LEADERSHIP STEP: Are you grounded in your own mortality and limitations? Do you accept the limitations of others? Today you will begin to develop a succession plan for your position, realizing that you may move on to take a new one at some point, or move on to glory! Then examine where you put your faith. Is it in your abilities and experience, or in the God of your abilities and experience? Finally, evaluate how you react to other people's human weakness.


W12D5 - Goals

"In the eleventh year in the month of Bul,
the eighth month, the temple was finished
in all its details according to its specifications.
He had spent seven years building it" - 1 Kings 6:38.

Solomon built the Temple of the Lord as his father David had directed him to do. When reading the verses before this one, one sees how detailed the plans for this Temple were. When leaders set out to do something significant or great, those things don't just happen. They require the use of goals, plans, faith, flexibility, teamwork and vision to make it all happen. What's more, this job wasn't finished in a day, but took seven years!  That's certainly a long-term goal but shows the time-tested value of goals and visions when leaders employ them in their work.

LEADERSHIP STEP: What are your long-term goals for your organization? Where will you be organizationally or personally in five years? Ten years? Your assignment today is to do some dreaming, alone or with your family or team, and write the vision down. Then spend 15 minutes setting some goals and developing plans to go with those dreams. Don't try to make it all 'perfect,' just let it flow for now. Later you can go back and fill in the gaps and tidy it up a bit.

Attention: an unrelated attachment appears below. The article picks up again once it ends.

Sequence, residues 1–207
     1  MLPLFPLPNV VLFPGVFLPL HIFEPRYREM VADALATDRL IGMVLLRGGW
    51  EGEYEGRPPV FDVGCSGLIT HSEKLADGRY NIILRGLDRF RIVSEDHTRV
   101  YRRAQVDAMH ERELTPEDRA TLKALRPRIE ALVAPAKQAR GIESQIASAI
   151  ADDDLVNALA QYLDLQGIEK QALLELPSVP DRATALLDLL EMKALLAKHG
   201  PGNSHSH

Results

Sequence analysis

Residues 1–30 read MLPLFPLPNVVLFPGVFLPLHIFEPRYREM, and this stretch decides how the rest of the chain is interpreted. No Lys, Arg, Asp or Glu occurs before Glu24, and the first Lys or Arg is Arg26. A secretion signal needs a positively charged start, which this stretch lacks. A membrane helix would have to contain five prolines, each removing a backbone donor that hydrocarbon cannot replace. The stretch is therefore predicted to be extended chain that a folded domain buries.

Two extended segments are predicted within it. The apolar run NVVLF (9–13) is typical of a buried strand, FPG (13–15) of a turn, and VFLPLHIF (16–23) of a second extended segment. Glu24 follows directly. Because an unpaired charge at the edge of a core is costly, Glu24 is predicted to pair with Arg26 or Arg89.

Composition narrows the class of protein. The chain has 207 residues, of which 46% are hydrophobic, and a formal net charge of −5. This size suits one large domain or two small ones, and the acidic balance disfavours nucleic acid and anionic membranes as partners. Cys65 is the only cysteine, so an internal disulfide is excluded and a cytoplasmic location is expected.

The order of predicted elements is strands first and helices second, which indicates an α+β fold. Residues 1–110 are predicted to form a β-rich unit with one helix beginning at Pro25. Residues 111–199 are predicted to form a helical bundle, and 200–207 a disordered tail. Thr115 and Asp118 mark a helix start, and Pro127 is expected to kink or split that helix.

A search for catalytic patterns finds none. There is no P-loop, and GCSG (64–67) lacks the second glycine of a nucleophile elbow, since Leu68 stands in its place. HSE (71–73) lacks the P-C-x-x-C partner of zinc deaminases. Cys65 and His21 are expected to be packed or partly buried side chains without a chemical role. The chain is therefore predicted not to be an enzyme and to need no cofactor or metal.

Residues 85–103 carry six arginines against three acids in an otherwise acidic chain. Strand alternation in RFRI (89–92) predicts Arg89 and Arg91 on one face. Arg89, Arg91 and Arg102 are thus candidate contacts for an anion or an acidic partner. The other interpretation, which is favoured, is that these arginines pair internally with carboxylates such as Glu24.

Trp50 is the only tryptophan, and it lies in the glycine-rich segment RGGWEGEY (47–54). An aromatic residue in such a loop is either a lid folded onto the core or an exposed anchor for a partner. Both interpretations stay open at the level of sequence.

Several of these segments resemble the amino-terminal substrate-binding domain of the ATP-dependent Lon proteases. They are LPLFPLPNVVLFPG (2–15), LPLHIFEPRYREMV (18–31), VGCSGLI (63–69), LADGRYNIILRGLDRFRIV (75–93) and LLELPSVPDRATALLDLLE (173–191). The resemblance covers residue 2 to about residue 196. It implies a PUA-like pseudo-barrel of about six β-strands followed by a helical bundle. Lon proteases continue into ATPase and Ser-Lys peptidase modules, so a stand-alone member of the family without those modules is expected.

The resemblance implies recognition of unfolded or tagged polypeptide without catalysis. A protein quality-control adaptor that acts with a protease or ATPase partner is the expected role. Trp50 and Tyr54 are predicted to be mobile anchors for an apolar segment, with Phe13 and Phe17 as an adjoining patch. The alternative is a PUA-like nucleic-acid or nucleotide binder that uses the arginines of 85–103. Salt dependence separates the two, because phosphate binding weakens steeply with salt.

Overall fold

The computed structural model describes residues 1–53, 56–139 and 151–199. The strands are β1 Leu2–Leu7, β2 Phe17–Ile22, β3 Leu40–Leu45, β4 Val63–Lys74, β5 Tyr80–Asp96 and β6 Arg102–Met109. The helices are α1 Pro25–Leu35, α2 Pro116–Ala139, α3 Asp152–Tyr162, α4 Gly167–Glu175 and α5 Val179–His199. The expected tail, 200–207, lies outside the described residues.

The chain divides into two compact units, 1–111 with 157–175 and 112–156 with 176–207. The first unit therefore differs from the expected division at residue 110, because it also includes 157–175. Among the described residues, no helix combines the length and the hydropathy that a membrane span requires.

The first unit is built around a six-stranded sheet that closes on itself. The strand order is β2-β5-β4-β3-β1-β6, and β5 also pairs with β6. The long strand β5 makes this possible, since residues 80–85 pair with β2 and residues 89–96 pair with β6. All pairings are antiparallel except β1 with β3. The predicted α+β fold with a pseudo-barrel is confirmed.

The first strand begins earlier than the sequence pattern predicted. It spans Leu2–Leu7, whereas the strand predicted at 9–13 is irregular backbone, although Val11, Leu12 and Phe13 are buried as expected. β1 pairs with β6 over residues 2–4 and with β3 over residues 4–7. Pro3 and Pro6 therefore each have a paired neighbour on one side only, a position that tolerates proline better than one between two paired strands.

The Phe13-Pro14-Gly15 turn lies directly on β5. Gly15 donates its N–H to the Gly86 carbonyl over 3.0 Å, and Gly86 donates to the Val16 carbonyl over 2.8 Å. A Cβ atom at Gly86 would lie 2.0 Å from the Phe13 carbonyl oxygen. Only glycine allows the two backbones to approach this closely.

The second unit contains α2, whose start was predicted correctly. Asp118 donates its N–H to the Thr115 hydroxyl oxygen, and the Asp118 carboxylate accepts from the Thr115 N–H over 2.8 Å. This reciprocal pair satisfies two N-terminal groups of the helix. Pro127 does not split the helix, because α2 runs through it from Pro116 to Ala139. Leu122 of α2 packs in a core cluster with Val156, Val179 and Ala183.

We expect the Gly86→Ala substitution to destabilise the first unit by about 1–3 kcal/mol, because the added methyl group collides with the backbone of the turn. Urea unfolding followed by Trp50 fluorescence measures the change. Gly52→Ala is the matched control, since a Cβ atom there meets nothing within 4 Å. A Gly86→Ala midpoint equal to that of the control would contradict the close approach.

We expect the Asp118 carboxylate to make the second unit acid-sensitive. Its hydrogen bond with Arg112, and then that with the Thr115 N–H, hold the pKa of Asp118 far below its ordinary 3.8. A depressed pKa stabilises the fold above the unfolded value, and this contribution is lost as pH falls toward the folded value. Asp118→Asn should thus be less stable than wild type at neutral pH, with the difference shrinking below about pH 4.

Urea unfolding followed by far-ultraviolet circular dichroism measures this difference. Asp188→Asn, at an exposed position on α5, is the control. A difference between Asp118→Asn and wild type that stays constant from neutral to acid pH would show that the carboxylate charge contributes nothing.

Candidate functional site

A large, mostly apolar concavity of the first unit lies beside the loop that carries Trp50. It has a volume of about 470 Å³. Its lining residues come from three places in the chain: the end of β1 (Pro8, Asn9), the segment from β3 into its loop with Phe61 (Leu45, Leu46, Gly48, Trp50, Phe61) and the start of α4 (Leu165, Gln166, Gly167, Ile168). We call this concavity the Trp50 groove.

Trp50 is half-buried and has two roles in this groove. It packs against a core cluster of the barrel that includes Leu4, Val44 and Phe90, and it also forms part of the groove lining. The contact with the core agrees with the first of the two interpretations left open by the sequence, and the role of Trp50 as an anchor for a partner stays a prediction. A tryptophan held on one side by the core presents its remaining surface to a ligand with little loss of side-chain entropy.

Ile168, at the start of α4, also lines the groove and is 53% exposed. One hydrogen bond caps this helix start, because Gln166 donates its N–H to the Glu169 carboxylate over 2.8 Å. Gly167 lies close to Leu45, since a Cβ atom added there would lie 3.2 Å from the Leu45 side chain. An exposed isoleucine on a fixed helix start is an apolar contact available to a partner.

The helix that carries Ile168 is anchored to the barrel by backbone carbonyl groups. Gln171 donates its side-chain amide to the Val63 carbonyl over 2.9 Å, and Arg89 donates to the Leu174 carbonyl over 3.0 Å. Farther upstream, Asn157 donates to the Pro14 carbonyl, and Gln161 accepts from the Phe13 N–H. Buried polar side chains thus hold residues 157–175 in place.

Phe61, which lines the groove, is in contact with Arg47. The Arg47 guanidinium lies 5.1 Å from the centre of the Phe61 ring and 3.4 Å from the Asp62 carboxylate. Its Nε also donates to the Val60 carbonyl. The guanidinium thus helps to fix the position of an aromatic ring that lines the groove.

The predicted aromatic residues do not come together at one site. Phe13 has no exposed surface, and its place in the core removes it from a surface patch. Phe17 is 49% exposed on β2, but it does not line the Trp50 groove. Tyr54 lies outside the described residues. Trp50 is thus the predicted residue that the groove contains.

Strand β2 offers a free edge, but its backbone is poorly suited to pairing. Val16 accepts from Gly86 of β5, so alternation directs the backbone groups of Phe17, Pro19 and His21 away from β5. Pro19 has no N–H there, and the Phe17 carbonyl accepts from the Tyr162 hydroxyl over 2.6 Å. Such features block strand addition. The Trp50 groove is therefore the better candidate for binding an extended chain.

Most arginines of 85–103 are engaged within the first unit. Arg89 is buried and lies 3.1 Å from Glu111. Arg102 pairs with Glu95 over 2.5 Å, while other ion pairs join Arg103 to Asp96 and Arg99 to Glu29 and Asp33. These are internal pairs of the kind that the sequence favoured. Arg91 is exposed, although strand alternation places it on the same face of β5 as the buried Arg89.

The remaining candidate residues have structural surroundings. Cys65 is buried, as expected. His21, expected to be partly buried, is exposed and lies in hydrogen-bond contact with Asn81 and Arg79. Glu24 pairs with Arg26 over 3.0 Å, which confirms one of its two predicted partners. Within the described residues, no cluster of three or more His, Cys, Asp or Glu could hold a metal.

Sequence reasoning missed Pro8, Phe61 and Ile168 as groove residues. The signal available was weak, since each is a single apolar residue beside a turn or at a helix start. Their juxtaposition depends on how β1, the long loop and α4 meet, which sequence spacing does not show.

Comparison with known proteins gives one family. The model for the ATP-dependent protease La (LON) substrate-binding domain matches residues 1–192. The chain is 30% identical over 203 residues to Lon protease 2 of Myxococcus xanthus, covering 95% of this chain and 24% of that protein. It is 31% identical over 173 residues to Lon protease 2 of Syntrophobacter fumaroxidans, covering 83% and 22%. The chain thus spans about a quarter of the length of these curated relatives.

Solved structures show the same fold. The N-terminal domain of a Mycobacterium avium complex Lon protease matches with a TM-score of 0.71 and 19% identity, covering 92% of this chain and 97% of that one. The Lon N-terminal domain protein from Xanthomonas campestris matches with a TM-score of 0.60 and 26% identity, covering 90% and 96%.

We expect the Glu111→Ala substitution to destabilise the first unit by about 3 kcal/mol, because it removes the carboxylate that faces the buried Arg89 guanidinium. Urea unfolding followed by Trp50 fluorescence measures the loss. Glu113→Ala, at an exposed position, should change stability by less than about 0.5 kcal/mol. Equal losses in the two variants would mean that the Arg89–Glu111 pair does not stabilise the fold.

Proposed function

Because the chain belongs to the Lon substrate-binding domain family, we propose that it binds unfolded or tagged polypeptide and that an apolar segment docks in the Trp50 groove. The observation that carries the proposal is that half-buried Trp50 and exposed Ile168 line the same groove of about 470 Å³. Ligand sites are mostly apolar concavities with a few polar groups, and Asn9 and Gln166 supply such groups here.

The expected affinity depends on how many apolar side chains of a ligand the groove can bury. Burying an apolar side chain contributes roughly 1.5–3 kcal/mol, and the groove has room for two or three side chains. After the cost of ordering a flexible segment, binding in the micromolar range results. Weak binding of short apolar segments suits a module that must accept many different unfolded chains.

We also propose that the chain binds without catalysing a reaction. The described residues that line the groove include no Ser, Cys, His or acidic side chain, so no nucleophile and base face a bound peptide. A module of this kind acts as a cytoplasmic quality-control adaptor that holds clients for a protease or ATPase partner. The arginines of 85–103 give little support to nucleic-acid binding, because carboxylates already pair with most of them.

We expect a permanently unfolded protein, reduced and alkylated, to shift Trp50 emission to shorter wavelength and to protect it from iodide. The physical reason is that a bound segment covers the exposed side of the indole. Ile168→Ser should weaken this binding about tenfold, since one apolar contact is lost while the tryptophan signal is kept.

W7D5 - Goals

"Now David had said, 'Whoever strikes down
a Jebusite first shall be chief and commander.'
Joab the son of Zeruiah went up first, so he
became chief" - 1 Chronicles 11:6.

Leaders help establish goals and rewards for the people in their organization, and promote people based on performance - realizing that team members are motivated by different things.. In today's verse, we see how David attacked Jerusalem and set a goal to see which of his fighting men would respond with faith and zeal. David made good on his promise to promote the man who led the way, and the city was taken, becoming the capital of Israel and a city that to this day is the focus of much of the world.

LEADERSHIP STEP: Are you clear in your family or organization what behavior is desired and will be rewarded? Then are you consistent to follow through on the rewards? While loyalty is desired, you must reward people for performance and not just staying around. Set some time today with your team and see if they are clear on what they should be doing, what it is you desire from them, and what rewards are connected to those desired outcomes.


W2D5 - Goals

"I press on toward the goal to win the prize
for which God has called me heavenward in
Christ Jesus" - Philippians 3:14.

This verse gives you the anatomy of a goal. The first concept is that a goal helps leaders to press on. That means there is something pressing against the organization - resistance to change, economic concerns, uncertainty - and the goal helps the leader and her team press back with greater force and energy so progress can be made. Goals harnass energy and that energy can be used to overcome the inertia and obstacles that oppose change and achievement.

LEADERSHIP STEP: Is your team clear on the goals you are pursuing? Are you clear and precise? Do you have goals to help you 'press on'? Meet with your team, your family or maybe just spend some time alone and determine if you have the kind of clarity of goals and direction that has everyone pulling in the same direction. If not, then it's time to go back to the vision and set goals to help achieve that end.